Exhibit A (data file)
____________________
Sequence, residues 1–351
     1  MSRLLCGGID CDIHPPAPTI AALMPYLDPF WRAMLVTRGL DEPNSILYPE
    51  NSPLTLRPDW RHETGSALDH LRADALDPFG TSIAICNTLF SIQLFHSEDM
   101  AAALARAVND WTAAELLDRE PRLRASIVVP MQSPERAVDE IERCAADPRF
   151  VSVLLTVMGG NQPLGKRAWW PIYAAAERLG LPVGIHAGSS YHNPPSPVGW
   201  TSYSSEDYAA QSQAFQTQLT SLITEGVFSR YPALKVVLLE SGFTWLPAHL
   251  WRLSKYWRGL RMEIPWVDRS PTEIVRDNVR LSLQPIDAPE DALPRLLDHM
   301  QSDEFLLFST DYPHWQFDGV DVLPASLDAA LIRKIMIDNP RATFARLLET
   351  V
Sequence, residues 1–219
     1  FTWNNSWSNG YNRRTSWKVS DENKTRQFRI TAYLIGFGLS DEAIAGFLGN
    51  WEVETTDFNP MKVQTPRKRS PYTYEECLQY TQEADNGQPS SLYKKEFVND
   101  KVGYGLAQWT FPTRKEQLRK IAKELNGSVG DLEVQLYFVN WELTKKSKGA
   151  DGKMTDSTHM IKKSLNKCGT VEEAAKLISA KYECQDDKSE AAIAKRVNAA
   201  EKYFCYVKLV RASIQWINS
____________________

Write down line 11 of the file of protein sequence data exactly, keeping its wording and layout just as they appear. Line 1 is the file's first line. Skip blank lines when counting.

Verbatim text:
     1  FTWNNSWSNG YNRRTSWKVS DENKTRQFRI TAYLIGFGLS DEAIAGFLGN